“Change of this magnitude is hard. You know you’re on to something when so much pressure builds up.” – David Marcus, Co-creator of Libra on Twitter.
There has been a great deal of discussion around the potential of blockchain to revolutionize procurement and supply chain. From blockchain-based smart contracts to multi-tier traceability for the sake of food safety, we’ve started to think of this emerging technology as a solution to many challenges. It was only a year or so ago, however, that the only association most of us had with blockchain was Bitcoin: a cryptocurrency.
Called a cryptocurrency for the computes required to bring it into existence and justify its value, Bitcoin is a decentralized digital currency not associated with any particular government. They can be exchanged for traditional currencies, products or services. According to the University of Cambridge, as of 2017 there were 2.8 to 5.8 million cryptocurrency wallet holders around the world, and the majority of them held Bitcoin.
Bitcoin is not the only digital currency, there are alternatives, including Etherium, Ripple and Litecoin. In 2018, Facebook announced the foundation of a blockchain division, and just about a year later they rolled out Project Libra, their own digital currency. Despite the early excitement, Libra has not had an easy journey. Most recently, PayPal, Visa, Mastercard, Stripe and eBay announced that they were withdrawing their cooperation from the project. They cited concerns from regulatory agencies and central bankers.
Facebook’s project lead, David Marcus (quoted above), has vowed to press on and even described the defections as “liberating”, but does the struggle to get a Facebook cryptocurrency off the ground show the disruptive potential or the destabilizing risks of cryptocurrency?
Cryptocurrency is a topic that procurement and finance professionals need to stay informed about because of its potential to completely restructure payments as we know them. This is especially true for companies with global supply chains that extend into largely ‘unbanked’ regions of the world, including Sub-Saharan Africa and woman-owned businesses in developing countries (Worldbank).
Procurement’s relationship with cryptocurrency may involve one of two practices: procurement of cryptocurrency or procurement with cryptocurrency.
Payment with Cryptocurrency
Most simply, procurement with cryptocurrency means paying for goods and services with digital coins rather than traditional country-backed currency and credit. Even if a supplier accepts cryptocurrency, the two companies will have to agree upon which currency or intermediary to use. Beyond this, there are new issues of consideration that do not arise when managing B2B payments through a traditional banking system:
• Value Fluctuation: The significant value fluctuations seen in cryptocurrency are far larger and more frequent than seen with most established international currencies. Ensuring that the appropriate value changes hands at each purchase will be a much larger problem than with traditional currency, especially in cases where there is a span of time between price negotiation and actual purchase.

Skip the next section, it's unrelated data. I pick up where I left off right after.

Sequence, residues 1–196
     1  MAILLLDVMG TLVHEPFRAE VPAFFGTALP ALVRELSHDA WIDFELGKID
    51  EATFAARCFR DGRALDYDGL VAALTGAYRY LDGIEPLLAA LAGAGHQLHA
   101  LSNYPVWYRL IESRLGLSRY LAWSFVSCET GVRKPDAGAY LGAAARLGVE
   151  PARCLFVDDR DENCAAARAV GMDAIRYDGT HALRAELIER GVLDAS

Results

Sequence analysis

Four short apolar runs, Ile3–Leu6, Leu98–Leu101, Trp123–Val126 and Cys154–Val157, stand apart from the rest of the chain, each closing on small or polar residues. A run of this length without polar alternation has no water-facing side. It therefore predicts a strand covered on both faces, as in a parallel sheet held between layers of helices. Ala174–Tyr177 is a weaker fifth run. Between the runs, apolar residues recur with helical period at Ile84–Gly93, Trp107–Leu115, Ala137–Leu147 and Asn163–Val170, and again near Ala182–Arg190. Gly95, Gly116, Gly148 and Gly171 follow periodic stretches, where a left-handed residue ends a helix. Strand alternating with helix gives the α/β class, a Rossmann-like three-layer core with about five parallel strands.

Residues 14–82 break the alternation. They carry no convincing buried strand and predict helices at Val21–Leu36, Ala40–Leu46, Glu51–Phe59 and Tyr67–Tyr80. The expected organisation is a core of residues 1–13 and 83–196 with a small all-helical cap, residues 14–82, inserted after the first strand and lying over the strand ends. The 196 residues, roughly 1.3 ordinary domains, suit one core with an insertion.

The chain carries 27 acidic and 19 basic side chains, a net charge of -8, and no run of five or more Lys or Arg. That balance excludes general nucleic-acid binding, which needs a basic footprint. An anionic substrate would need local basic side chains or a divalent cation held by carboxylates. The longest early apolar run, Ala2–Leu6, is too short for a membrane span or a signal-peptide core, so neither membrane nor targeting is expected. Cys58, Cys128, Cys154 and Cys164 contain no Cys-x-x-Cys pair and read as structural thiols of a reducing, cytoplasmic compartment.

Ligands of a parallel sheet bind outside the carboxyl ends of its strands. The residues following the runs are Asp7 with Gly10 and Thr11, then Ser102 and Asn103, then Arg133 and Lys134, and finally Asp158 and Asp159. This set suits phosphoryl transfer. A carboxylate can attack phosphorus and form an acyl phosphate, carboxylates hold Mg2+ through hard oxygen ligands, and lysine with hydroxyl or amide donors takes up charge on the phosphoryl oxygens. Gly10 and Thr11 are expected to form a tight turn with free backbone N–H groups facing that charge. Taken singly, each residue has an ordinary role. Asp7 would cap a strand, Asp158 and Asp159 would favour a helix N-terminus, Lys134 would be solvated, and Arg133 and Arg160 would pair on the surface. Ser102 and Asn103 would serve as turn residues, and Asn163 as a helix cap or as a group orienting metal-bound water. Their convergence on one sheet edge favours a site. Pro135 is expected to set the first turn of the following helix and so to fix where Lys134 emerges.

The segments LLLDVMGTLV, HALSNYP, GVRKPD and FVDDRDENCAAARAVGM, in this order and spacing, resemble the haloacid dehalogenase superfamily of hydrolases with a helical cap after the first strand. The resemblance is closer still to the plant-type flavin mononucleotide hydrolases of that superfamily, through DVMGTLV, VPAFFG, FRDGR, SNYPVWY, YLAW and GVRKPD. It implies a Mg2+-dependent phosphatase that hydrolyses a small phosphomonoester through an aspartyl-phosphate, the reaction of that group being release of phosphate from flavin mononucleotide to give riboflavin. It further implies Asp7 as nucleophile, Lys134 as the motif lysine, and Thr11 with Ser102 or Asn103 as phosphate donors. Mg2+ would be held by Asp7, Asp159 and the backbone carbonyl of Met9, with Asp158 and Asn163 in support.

• Cash Flow: Cryptocurrencies are more like cash than digital banking payments. If the currency is not in the buyer’s digital wallet at the time funds are owed, they will have to delay the purchase or borrow funds. Traditional lines of credit do not currently cross into the cryptocurrency sphere, potentially raising costs through otherwise unnecessary interest payments.
• Fees vs. Taxation: One of the greatest advantages of cryptocurrency in B2B payments is the ability avoid costly bank fees. That does not mean, however, that transactions would be simpler. One new wrinkle is that currency held too long in a digital wallet is subject to capital gains taxes. Currency should be converted into other forms before this occurs to avoid the additional taxes.
Not all companies are content to just pay to their suppliers with cryptocurrency. Some procurement organizations may be tasked with buying cryptocurrency on behalf of the enterprise. These institutional investors are faced with serious questions about when to buy and who to buy from. Once cryptocurrency is purchased, it has to be protected from hackers, a problem not often seen in the traditional banking system.
In conclusion, the most important step procurement teams should take today is developing a plan to remain informed about cryptocurrency. Even if it had stuck to the original launch plan, Facebook’s Libra would not have been available until 2020. A revised timeline has not been released. That said, if the operational horizon can be measured in months rather than years, we can be sure that the impact of cryptocurrencies will be felt sooner rather than later.
Header photo: Getty Images – megaflopp